The Seder Ritual: The Seder Plate

Martha Stewart Living, April 2001

Many of the foods on the Passover table are steeped in symbolism. The centerpiece of the seder table is the k'arah, or ceremonial plate, that contains symbolic foods, some which are eaten during the seder. Here are the items that are included on the seder plate (left, clockwise from top):

Often a mixture of chopped apples, nuts, wine, and cinnamon, represents the mortar that the Israelites used to build the pyramids and the sweetness of the Jews' freedom. During the seder, small sandwiches made of matzo and charoset are eaten. This is known as a Hillel sandwich, after the rabbi who originated the practice.

A bitter herb, usually represented by horseradish, is eaten to remember the bitterness of life in slavery.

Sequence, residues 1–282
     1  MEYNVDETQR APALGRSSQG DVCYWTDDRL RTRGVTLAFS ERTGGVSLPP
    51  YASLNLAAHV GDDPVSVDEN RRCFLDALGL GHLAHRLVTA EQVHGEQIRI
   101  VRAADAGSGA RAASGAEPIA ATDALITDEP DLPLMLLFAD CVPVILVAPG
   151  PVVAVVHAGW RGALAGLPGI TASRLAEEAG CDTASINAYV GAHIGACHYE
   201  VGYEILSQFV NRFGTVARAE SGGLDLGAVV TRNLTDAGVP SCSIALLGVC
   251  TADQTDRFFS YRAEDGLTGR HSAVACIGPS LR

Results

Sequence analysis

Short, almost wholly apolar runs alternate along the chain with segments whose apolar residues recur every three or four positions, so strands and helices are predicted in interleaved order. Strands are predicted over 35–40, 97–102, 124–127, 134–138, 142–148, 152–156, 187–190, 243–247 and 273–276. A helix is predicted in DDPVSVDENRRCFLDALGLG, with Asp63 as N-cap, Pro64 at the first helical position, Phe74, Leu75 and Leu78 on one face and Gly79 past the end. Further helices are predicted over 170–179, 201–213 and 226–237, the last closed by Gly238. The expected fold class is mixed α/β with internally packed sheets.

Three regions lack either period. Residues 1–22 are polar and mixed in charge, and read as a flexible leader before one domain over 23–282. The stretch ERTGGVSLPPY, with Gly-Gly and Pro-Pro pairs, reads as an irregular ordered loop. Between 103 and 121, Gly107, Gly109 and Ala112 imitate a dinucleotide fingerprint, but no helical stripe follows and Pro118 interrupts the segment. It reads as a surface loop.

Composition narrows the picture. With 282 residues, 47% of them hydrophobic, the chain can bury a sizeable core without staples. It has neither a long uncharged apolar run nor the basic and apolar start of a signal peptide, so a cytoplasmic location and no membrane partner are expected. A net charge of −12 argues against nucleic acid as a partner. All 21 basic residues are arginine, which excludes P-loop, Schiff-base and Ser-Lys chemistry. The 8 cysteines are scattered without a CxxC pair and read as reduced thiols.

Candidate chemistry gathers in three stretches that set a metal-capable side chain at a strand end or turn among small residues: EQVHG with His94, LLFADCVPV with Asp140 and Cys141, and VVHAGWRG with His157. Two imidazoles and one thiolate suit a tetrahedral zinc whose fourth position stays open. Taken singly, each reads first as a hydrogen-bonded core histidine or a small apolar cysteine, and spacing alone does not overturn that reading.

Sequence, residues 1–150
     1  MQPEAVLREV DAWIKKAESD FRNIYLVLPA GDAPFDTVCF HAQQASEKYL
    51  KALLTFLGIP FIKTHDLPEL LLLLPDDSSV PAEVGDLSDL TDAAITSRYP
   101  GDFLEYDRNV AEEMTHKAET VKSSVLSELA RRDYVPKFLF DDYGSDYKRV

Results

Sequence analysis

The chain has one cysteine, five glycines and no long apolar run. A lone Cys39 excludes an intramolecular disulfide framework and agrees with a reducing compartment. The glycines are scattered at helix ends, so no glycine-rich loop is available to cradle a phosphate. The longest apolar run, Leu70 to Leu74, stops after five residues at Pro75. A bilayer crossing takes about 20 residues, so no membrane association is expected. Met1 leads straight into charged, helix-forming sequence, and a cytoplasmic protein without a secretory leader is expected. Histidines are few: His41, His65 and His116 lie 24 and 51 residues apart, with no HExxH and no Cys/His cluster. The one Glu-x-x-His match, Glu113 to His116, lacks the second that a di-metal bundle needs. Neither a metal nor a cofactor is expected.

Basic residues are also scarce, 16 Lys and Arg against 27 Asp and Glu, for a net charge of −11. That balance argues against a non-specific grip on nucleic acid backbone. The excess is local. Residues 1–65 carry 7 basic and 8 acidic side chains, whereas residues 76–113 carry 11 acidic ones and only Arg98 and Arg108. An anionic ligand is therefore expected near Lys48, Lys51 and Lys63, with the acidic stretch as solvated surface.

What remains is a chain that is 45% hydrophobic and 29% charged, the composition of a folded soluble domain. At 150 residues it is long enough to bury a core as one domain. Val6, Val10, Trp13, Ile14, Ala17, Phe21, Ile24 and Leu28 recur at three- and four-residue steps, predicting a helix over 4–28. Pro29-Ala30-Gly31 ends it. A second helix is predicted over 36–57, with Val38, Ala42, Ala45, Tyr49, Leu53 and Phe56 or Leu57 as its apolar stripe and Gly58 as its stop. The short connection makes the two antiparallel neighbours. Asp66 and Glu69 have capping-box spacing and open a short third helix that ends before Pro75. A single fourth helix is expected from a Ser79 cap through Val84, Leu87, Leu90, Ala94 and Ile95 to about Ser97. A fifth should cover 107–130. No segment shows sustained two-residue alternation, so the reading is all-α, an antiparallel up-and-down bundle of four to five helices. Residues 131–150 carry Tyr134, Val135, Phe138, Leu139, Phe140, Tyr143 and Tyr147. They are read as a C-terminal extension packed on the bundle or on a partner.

Another bitter herb, here represented with romaine lettuce, is also used in the Hillel sandwich.

A roasted shank bone, commemorates both ancient sacrifice and the mark made with lamb's blood on the Jewish slaves' doorposts.

A green vegetable or herb, often parsley, is dipped in salt water, which represents the tears of the slaves.

An egg traditionally symbolizes mourning and renewal. It is hard-boiled or roasted to represent how slavery strengthened the Jewish people.

Return to The Seder Ritual.
Return to The Seder Ritual: The Order of the Seder.


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